Book Review – If I Die Before I Wake by Emily Koch


Pages: 
310
Published: 11th January 2018
Genre: Psychological Mystery
Trigger warnings: Suicide, sexual references

Everyone believes Alex is in a coma, unlikely to ever wake up. As his family debate withdrawing life support, he can only listen.

But he soon begins to suspect that his accident wasn’t really an accident. Even worse, the perpetrator is still out there and Alex is not the only one in danger.

Alex must use a series of clues from his past to solve the mystery of who tried to kill him. He needs to protect those he loves – before they decide to let him go…

This is a book that achieves a singularly impressive feat by telling a story entirely from the point of view of a character lying dormant on a hospital bed, recovering from injuries that left him in a coma. Emily Koch shows immense skill to use this technique in an effective way that brings a unique and quietly compelling mystery to life.

Alex is a journalist and climbing enthusiast who suffered a near-fatal accident while scaling a section of the Avon Gorge in Bristol. The fall left him in a coma, and over a year later his condition is showing few tangible signs of improvement, to the extent that close family and friends are contemplating the idea of ending his treatment.

But unknown to everyone including the doctors administering his care, Alex can hear everything that is said by those around him, and make out their outlines. From the things he hears, he learns that the fall which left him in a coma was no accident, leading to a desperate search for clues leading to the person who wants him dead.

The whole concept feels original, and it offers a different take on a mystery novel. The narrative is such that you cannot escape being immersed in Alex’s thoughts. It was an interesting change in itself to actually come across a male narrator in this genre. There may be flaws to his character, but you just end up living every moment with him as he initially wishes to be allowed to die, but later becomes absorbed in attempting to uncover the truth. In this respect, it is excellent writing.

For me, the rest of the characters were a bit of a mixed bag. At first I thought there were too many characters and it was difficult to tell them apart, but this was easier as the story went on. Alex’s girlfriend Bea was believable, and her growing vulnerability came across well. His sister Philippa was also very complex, but I was hardly taken by any of the rest, and it was disappointing to me how the doctors and nursing staff were portrayed in such a negative way.

One by-product of having a single narrator who is recovering from a coma, is that the whole book takes place in just one setting; the hospital ward where Alex is being treated. This has a large role to play in the story, as all the reader has to go on in terms of trying to unravel the mystery are the snippets of conversations that Alex overhears.

The clues are uncovered by paying attention to every small detail, such as who visits Alex at any one time, and every throwaway remark they utter in his presence. Suspicion is cast on a range of characters, and the answer is well hidden. However, when the revelation does come, it lacks the kind of impact it should have.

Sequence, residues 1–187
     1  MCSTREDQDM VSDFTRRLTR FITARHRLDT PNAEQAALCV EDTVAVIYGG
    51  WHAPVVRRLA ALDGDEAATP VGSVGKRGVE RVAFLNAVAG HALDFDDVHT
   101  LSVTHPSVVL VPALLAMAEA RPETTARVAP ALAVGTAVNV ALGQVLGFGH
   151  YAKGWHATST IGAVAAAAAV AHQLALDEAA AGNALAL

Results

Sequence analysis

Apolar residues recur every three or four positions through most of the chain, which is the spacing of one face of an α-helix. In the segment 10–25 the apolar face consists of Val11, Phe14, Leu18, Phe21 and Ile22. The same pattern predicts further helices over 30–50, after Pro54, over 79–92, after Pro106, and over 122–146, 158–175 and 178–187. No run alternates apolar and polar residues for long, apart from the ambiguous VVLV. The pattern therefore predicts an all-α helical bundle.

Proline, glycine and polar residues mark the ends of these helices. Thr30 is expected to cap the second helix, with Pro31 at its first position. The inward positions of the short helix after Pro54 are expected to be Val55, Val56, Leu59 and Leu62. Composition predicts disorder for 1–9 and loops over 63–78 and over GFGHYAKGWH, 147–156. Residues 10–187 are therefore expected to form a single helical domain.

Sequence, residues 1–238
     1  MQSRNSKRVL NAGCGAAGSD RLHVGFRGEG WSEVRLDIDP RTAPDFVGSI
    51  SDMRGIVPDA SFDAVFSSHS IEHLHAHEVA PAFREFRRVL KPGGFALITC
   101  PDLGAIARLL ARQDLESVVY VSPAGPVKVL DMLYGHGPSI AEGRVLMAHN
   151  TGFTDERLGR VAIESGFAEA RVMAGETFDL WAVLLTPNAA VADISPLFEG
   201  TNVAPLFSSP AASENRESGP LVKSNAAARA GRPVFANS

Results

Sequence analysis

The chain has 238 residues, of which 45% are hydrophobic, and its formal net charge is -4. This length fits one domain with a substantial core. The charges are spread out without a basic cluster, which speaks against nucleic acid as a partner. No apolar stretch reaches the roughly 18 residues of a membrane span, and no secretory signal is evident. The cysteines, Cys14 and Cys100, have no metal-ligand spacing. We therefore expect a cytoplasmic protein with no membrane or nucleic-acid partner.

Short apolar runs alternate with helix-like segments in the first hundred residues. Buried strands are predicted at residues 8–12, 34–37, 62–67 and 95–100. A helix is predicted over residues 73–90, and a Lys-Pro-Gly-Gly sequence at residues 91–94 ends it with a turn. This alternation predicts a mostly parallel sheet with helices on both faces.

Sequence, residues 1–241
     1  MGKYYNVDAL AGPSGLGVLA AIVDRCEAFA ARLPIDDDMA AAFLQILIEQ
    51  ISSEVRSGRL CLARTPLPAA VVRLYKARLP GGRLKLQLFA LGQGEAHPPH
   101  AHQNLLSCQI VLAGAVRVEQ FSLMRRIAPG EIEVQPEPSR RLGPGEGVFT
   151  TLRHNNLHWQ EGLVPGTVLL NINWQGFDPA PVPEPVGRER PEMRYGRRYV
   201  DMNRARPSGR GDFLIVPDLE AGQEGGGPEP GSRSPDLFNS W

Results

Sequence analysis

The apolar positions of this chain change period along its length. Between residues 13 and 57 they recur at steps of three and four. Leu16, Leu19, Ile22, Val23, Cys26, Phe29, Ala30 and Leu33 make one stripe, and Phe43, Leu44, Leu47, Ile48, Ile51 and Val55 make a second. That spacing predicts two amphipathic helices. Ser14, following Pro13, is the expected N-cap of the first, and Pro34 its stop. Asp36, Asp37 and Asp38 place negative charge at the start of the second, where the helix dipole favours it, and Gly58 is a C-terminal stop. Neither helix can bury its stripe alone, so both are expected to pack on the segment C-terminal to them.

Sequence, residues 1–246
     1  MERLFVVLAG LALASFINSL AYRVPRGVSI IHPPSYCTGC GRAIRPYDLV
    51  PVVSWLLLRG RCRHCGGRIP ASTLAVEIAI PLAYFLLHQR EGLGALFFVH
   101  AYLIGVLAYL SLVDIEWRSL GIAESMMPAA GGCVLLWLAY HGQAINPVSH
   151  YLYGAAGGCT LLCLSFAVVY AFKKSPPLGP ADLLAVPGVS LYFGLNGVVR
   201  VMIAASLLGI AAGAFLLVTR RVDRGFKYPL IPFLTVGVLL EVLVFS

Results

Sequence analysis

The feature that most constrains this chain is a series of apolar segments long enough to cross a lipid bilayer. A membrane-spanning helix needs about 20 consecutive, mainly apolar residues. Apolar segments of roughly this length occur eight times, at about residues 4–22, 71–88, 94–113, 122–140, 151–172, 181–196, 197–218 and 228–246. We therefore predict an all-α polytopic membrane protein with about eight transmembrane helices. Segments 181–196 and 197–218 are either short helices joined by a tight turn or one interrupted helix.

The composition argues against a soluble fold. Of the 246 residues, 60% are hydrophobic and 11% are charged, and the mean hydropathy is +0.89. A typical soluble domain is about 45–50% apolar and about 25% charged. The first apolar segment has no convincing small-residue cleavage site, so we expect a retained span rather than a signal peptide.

I was very impressed by several aspects of the writing, especially the way Alex is brought to life through his swirling thoughts and emotions, and his desire to prove to everyone that he is awake and can move. That said, there were some parts of the book which I found less captivating, and it took a long time for the tension to arrive. It does eventually increase as the story progresses.

Overall, there were a number of things I liked very much about this book. The concept was innovative, and executed smartly with the help of a compelling narrator. I just felt an absence of tension in parts, and there were small issues with the ending and some of the characters, but the writing ensured that I shall look back on this read in a positive light.


As seems to be the case for a number of mystery or thriller authors, Emily Koch was a journalist before she turned her hand to writing novels. She uses her experiences here to help to Alex’s story.
Living in Bristol with her husband, If I Die Before I Wake was her first novel, and it has been shortlisted for several awards. Her next book, Keep Him Close, is due to be released in 2020.

I enjoyed several aspects of this book, and you will rarely see a narrator in a mystery such as Alex. Some things may have been better, but the writing was strong throughout.
My rating: ⭐⭐⭐

6 thoughts on “Book Review – If I Die Before I Wake by Emily Koch

  1. Interesting idea and I can see how following the main character’s thoughts as he tries to find out the person who wishes him harm may be engaging. I am not a huge fan of thrillers with too many characters though (after just reading one with around 10 characters, none of which were main characters) so will probably skip this one. Great review as always, Stephen 🙂

    Liked by 1 person

    1. Yes, there were a lot of intriguing aspects to this book and it was definitely unique in some ways. I completely understand what you mean about too many characters, I’m not always a great fan of those either. Thank you, Darina, and happy reading!

      Liked by 1 person

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